Lifeguard takes on lionfish

  • Lion hunt: Townsend Jackson has organised a tournament to help cull the rising numbers of lionfish (Photograph supplied)

    Lion hunt: Townsend Jackson has organised a tournament to help cull the rising numbers of lionfish (Photograph supplied)


With their numbers on the rise, the hunt for lionfish is on.

Expect to see people with diving masks on and spears in hand as they search the island’s reefs for the predators over the coming days.

Lifeguard Townsend Jackson organised a two-week cull as part of the Bermuda Lifeguard Service’s community outreach, partnering with Bda Spirits for prizes.

“Lionfish are very bad for our reefs because they prey on adolescent fish, they eat them before they reach sexual maturity and are able to reproduce — and they don’t have a predator,” he said.

“So they can just sit on the reefs, eat as much as they want and continue to harm our environment without having any natural predator that will balance them out. It pretty much is up to us to make sure that happens.”

Although an unusual time of year for such an event, he was inspired by a cull the Bermuda Lionfish Task Force organised in February.

“It was the most that they’ve ever seen. I think they [caught] around 900 in the month. They hadn’t seen numbers like that before.

“So it’s obvious that the numbers are rising and, despite efforts of people like myself and the Lionfish Task Force here in Bermuda, there doesn’t seem like there will be a way to completely eradicate the presence of lionfish. But we’ll try to diminish those numbers and I think a higher frequency of cullings is one of the things that will definitely help.”

The event, which is open to anyone with a valid lionfish licence, kicked off on Friday at John Smith’s Bay with lifeguards present to ensure water safety.

Although people are free to search for lionfish anywhere and at any point over the two weeks, additional events monitored by lifeguards will take place, weather permitting, tomorrow at Elbow Beach and on the final day, September 19, at Cooper’s Island Nature Reserve.

“The tournament is island-wide. You don’t have to be at any of the events, they’re just events run by the Bermuda Lifeguard Service. We’ll have water safety present just in case you want to come out and have a good time and dive with a group of people instead of going off by yourself.”

His hope was to remove “as many lionfish as possible” before the competition ends.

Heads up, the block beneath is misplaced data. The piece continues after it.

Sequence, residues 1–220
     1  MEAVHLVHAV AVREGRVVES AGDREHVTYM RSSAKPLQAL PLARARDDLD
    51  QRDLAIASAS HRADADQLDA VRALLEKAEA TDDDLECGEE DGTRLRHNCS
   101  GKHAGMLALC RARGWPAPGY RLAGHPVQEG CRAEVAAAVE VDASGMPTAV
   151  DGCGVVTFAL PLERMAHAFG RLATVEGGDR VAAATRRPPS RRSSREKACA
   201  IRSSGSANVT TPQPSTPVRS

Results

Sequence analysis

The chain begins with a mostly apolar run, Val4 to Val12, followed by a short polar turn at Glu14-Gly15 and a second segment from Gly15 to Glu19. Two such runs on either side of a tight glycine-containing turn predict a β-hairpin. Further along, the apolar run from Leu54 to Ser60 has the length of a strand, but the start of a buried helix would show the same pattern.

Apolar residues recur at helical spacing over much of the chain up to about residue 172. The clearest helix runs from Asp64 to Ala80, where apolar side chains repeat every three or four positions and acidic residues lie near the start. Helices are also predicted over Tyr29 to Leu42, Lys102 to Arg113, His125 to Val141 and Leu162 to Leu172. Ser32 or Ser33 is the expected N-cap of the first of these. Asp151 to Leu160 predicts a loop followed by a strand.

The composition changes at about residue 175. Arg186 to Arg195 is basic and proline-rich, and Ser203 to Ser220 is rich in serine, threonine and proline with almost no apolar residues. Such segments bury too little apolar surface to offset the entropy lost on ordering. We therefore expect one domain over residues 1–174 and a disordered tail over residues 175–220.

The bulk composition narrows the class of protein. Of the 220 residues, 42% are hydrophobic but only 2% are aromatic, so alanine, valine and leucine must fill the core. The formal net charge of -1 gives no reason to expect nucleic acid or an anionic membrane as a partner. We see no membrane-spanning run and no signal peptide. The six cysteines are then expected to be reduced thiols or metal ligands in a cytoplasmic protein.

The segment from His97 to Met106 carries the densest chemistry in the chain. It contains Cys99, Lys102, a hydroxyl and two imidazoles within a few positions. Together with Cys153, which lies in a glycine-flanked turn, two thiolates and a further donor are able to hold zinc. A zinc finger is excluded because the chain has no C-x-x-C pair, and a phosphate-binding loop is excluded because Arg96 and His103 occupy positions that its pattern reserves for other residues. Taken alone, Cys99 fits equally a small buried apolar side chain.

“Our goal is just to cull lionfish in general,” Mr Jackson said.

“A lot of the lionfish tournaments that happen will happen more in the winter or in calmer periods but, as we’ve been seeing, there are lionfish present when the waters are warm as well. So there should be, I think more frequent cullings that happen to the lionfish on our reefs in Bermuda.

“This one is run through me, not the entire lionfish culling organisation in Bermuda, so the amount of people will likely be a little bit smaller. I don’t expect us to hit the numbers that they hit. It’s just nice to see everyone involved and working together to fight this menace that we have on our reefs.”

He has been a lifeguard since 2016, although he missed last summer because of course work he was doing at Canada’s Dalhousie University.

Back on the beach this year, he thought a lionfish tournament may help educate the public a bit more about the Bermuda Lifeguard Service.

“Every year we like to do some sort of community outreach event,” he said.

“Usually we’ll do things at the aquarium — like a water-safety talk to a camp — or we’ll do beach clean-ups, stuff of that sort. And I just thought this was a good idea to get more people involved that are [not lifeguards].

“Anyone can get involved and help out. It’s free to get involved and there’s a sponsor prize from Bda Spirits.”

Once a lionfish is caught, the information must be documented within the two-week period to qualify for three prizes: $200, $100 and $50 worth of merchandise from Bda Spirits.

“You have to submit it to me with your lionfish permit number as well as a photo and the location of the catch,” Mr Jackson said.

“You have to also document where you caught it on the actual lionfish.bm website just to make sure we’re doing everything by the book and so people can know where there have been lionfish sightings in Bermuda and go back and continue to cull at those locations where they have increased numbers of sightings.”

To get a lionfish licence, look for the Bermuda Lionfish Culling Programme on Facebook or e-mail permits@lionfish.bm. To sign up for the lionfish tournament, visit mrtjackson68@gmail.com or call 535-6365 on WhatsApp

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Published Sep 9, 2020 at 8:00 am (Updated Sep 9, 2020 at 7:55 am)

Lifeguard takes on lionfish

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